An open letter written to the French Minister for Foreign Affairs Alain Juppé calling for an urgent change to France’s current policies in Africa. Signatories below. This letter was originally published in l’Humanite on April 1st 2011. This translation by David Lundy was published in l’Humanite in English.
Four years ago, on the eve of presidential and legislative elections, thirty French and African organizations presented you with a list of recommendations for an accountable and transparent French policy in Africa – a policy at the service of democracy, human rights and democratic controls both here and there; a policy that does not strike deals with authoritarian and corrupt regimes.
Since the revolution in Tunisia, this demand has become so topical that French diplomacy was forced to review its relations with certain regimes and even engage in a military operation in Libya.
In 2007, while the leading presidential candidates, including Nicolas Sarkozy, were competing with promises to break with “outdated” diplomatic practices, we already thought that this appeal for democracy would have some effect. How could it be otherwise when in the background of our statement lurked a growing disbelief among people vis-à-vis French diplomacy for the exclusive benefit of French economic and geostrategic interests. A policy often marked by political, military or monetary interventionism, it is a throwback to a colonial period so hated in Africa.
Warning our leaders of the dangerous illusions of “stability theory” which means supporting bad regimes until their implosion, we thought we had truly been able to find a sympathetic ear in French decision-makers. An increasing proportion of citizens but also some journalists, MPs and even some diplomats and ministerial advisers gave us this sympathetic ear. But the French government never listened, unless it was to caricature our proposal and to justify the unjustifiable: the perpetuation of a realpolitik described by some as “uninhibited Françafrique” on the basis of timid reforms.
Presidential trips to Libya, Gabon, Congo Brazzaville followed, red carpet welcomes prepared for dictators with their armies invited to parade on the Champs-Elysées last July 14. Ambiguous roles for France in political crises such as Madagascar, Guinea, Mauritania, the stigmatization of migrants, etc… All this amid an all-out promotion of French economic interests, summarised in a quote from Secretary of State for Cooperation Alain Joyandet: “We want to help Africans, but there has to be a return” – a quote very close to the spirit of the Dakar speech delivered by Nicolas Sarkozy in July 2007.
Mr. Minister, we are not nostalgic for a “great” and “virtuous” French policy in Africa. It never existed, as evidenced by the list of scandals and crimes gone unpunished that have marked and marred fifty years of “independence” for Francophone Africa. Everything is built on weak foundations, particularly as there are many misunderstandings and mutual trust has failed. Patiently establishing bridges between peoples, defending values and joint projects on human rights, democratic control, the fight against corruption and the plundering of natural resources, the criminalization of migration, French and African civil society organisations intend to continue to play their part in this project. It is also in the interests of French democracy.
Having been a foreign minister and prime minister, you know very well the workings of the state apparatus which, despite the commitments of the La Baule speech in 1990, continued to blindly support a number of dictatorships. The most tragic example is the political, economic and military support for the regime responsible for the Tutsi genocide in Rwanda. There are errors that must be recognized and U-turns that must not be missed.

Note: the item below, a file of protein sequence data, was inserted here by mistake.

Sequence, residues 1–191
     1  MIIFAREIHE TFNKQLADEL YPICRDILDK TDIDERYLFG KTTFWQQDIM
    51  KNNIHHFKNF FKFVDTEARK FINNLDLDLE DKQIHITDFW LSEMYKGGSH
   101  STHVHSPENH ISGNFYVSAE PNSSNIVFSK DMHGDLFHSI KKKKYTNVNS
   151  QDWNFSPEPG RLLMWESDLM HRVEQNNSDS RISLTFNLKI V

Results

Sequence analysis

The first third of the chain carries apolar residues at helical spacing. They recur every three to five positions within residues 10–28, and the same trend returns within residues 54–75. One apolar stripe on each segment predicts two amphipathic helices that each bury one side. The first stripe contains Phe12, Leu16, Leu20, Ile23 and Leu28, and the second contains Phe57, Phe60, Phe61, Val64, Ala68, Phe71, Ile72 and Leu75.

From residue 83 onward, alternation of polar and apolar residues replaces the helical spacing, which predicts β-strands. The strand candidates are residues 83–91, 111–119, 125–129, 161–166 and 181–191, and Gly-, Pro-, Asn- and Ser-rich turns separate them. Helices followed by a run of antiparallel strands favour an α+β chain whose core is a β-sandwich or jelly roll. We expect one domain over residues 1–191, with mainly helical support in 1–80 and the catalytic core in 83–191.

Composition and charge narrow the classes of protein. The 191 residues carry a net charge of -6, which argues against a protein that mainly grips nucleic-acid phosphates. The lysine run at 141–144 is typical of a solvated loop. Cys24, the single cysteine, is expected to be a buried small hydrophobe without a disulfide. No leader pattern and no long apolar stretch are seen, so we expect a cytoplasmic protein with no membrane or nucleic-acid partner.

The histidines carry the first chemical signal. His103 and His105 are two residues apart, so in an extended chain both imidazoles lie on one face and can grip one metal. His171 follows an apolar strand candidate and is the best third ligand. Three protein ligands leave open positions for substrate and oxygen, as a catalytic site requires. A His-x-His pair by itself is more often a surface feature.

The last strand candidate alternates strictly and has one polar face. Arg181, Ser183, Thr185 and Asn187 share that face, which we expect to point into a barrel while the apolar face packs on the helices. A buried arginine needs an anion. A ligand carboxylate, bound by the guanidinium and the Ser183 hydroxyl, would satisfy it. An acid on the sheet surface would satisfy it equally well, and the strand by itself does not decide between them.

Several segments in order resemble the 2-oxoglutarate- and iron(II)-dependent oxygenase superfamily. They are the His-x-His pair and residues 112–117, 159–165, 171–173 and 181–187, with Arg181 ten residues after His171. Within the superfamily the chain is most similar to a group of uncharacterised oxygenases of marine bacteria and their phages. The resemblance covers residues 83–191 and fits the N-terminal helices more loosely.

French diplomacy’s recent support for the liberation movements in the Arab world has been heralded by some commentators as the beginning of an aggiornamento. This change would be rather questionable if, in a situation like that of Libya, interference was to replace indifference. Most importantly, why should the degree of media coverage of riots or expected geostrategic benefits condition French diplomatic support? It is feared, in fact, that this change announced by French diplomacy in the promotion of democracy stops at the southern limit of the Sahara, where the riots are not as publicized as those that were triggered in the Arab world but where despair is just as palpable.
In his recent appearances on television, especially that of February 27, the President hadn’t a single word to say about the political situation in sub-Saharan Africa, despite the highly authoritarian and repressive nature of most of the powers that govern there. Still, crowds began to gather in Burkina Faso, Gabon, Morocco, Mauritania, Djibouti and protests are heard against possible re-election rigged by Heads of State in Chad, Cameroon and elsewhere. These crowds are entitled to consideration by French diplomacy as they wait for concrete steps on your part to finally meet the democratic aspirations of African peoples, including those who still await the fall of their tyrant. We are counting on you to ensure that French diplomacy really follows this route.
- Gustave Massiah (Economist, CEDETIM / IPAM),
- Michel Roy (Director of Advocacy, Secours Catholique / Caritas France),Fabrice Tarrit (Vice-President of Survie),
- Brice Mackosso (Justice and Peace Congo),
- Christian Mounzeo (Rassemblement for Human Rights, Congo),
- Marc Ona (Goldman prize 2009, Brain Forest, Gabon),
- Aziz Maar (Attac, Morocco),
- Jean-Paul Sornay (President of ‘Peuples solidaires’, in association with Action Aid),
- Jean-Loup Schaal (President of the Association for the Respect of Human Rights in Djibouti).
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